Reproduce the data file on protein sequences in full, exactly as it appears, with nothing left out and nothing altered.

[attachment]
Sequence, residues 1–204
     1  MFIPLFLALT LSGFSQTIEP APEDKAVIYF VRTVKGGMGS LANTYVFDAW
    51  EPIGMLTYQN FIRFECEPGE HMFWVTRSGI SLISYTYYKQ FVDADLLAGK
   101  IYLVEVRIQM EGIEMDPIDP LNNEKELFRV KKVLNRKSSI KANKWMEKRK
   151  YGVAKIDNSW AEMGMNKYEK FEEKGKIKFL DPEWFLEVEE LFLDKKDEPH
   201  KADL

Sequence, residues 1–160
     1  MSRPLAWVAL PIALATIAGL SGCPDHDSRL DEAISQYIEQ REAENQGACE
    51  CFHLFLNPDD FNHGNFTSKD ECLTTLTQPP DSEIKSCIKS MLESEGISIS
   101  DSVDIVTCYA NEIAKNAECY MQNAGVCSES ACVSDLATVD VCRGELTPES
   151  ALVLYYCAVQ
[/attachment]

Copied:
Sequence, residues 1–204
     1  MFIPLFLALT LSGFSQTIEP APEDKAVIYF VRTVKGGMGS LANTYVFDAW
    51  EPIGMLTYQN FIRFECEPGE HMFWVTRSGI SLISYTYYKQ FVDADLLAGK
   101  IYLVEVRIQM EGIEMDPIDP LNNEKELFRV KKVLNRKSSI KANKWMEKRK
   151  YGVAKIDNSW AEMGMNKYEK FEEKGKIKFL DPEWFLEVEE LFLDKKDEPH
   201  KADL

Sequence, residues 1–160
     1  MSRPLAWVAL PIALATIAGL SGCPDHDSRL DEAISQYIEQ REAENQGACE
    51  CFHLFLNPDD FNHGNFTSKD ECLTTLTQPP DSEIKSCIKS MLESEGISIS
   101  DSVDIVTCYA NEIAKNAECY MQNAGVCSES ACVSDLATVD VCRGELTPES
   151  ALVLYYCAVQ